Since pension auto enrolment was first implemented in the UK in October 2012 as a government initiative to ensure workers have sufficient pension savings for their retirement,the process has been gradually rolled out and s now affecting millions of small businesses. So having been in place for quite a few years now the government is seeking to make changes to pension auto enrolment.
Whilst large and medium sized companies in the UK have been required to comply with due process otherwise are facing huge fines, the government has become increasingly concerned about the impact of pension auto enrolment on small businesses with their lack of the resources afforded to bigger companies.
The government has now pushed back the dates for increasing contributions to April 2018 and 2019 in an effort to stave off a potentially looming crisis of small businesses and pension providers being able to cope. There has been media coverage about concerns of NEST, the only workplace pension without fees being able to manage as probably the main pension provider small businesses will look to due to its affordability. In the next few years millions of small businesses need to comply.
The qualifying earnings band for auto enrolment minimum contributions will remain at £10,000 in any pay period from April 2016. The qualifying earnings band for 2016-17 will be £5,824 and £43,000 per annum.
The DWP is aiming to simply auto enrolment with some minor changes from April 2016. There will be no need to auto enrol/re enrol company directors and members of limited liability partnerships, a simplified method for an employer bringing forward its staging date and a simplified time scale for employers to notify the pension regulator that they maintain an auto enrolment pension scheme. Consultation on these changes closes in February 2016.
One thing is for sure, as with all government legislation, these will not be the last changes to be announced by the government about pension auto enrolment.
After the dearth of the recession years, employee reward is on the up and compensation and benefit issues are in the spotlight.
For many years salaries have stagnated with few companies being able to offer a pay increase and many making many job cuts. But along with the current buzz of increasing recruitment, pay seems to be top of the agenda with pay awards of around 2.5% being anticipated this year and reward structures being assessed for fit for purpose reasons.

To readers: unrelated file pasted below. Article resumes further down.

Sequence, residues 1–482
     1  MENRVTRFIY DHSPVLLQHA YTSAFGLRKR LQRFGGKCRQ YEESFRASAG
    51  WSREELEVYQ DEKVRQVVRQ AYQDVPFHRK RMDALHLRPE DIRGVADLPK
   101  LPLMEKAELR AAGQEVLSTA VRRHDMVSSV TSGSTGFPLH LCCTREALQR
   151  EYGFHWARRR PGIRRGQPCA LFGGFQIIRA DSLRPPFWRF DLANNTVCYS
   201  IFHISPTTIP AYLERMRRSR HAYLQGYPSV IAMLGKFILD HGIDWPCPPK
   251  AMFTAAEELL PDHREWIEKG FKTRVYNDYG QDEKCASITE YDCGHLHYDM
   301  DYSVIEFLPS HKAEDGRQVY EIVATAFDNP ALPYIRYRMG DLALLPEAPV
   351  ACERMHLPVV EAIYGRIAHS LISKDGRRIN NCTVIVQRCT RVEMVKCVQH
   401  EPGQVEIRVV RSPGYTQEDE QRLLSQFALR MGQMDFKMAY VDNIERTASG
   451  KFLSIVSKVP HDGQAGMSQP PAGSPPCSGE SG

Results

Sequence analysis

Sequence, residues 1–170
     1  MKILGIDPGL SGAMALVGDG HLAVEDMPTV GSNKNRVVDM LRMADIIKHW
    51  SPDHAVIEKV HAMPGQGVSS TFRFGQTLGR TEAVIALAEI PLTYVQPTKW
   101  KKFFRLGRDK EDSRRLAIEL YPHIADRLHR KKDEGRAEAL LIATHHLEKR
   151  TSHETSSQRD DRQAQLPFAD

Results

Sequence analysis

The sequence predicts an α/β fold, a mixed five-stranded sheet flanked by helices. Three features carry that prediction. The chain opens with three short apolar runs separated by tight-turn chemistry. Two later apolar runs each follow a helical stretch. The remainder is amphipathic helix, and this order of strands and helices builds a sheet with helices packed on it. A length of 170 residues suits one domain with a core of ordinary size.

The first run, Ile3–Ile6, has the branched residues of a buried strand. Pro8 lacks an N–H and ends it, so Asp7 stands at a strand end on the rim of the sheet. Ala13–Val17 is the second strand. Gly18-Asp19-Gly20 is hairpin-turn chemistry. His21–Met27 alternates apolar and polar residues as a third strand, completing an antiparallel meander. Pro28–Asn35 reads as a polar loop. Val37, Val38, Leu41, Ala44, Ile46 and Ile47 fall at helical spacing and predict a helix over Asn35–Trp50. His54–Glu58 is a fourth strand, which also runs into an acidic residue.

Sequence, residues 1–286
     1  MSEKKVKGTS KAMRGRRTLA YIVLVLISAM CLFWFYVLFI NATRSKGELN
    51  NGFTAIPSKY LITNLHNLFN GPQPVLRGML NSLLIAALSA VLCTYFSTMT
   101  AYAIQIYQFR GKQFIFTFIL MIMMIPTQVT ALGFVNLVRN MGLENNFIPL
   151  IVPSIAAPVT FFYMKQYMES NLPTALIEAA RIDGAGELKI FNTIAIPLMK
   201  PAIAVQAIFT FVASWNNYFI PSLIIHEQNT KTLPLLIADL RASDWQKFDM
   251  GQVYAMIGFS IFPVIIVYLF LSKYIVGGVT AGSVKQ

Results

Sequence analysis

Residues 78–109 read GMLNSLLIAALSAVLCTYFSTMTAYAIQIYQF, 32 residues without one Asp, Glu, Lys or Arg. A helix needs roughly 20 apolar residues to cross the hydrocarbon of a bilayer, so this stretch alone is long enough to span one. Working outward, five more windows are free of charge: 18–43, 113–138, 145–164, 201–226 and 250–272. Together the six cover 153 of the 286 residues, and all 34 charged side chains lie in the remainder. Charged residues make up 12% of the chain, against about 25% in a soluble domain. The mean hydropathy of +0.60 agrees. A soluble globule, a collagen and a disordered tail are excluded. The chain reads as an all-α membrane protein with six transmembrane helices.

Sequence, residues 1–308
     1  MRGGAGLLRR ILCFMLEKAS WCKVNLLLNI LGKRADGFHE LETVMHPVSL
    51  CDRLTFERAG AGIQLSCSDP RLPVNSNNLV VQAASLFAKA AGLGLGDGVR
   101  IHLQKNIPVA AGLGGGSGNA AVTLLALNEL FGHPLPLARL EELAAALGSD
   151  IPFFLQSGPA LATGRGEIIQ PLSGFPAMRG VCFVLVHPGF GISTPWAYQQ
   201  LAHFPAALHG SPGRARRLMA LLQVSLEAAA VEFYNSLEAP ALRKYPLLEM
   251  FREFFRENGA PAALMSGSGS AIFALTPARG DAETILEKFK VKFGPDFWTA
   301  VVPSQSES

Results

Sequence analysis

As I blogged about recently there is a skills shortage in the UK so it is important the companies hold onto their talent and make sure they are incentivised. Pay can be a big incentiviser for some, but employee total reward encompasses financial reward with motivational aspects such as career development, job satisfaction and recognition. To retain and recruit talent companies may have to consider paying above the market rate.
Employee reward specialists have always been thin on the ground, but now, more than ever, they are needed to help organisations develop reward solutions to support business strategy. Employee reward professionals can help with employee reward strategy, analytics to assist with pay and benefit reviews, job evaluation which links job size to pay and defends equal pay claims, flexible benefits, salary sacrifice schemes, bonuses, commission schemes and pensions particularly pension auto enrolment.
Total reward statements can help employees to see the full effect of the benefits they receive. So many employees do not understand the benefits a company provides to them. All benefits can be included such as maternity pay, health insurance, employee assistance programmes. Seeing financial employee reward on paper as a simple pie chart or graph can add to employee retention.
It makes sense for employers to reward their staff well to encourage motivation that will impact on the bottom line.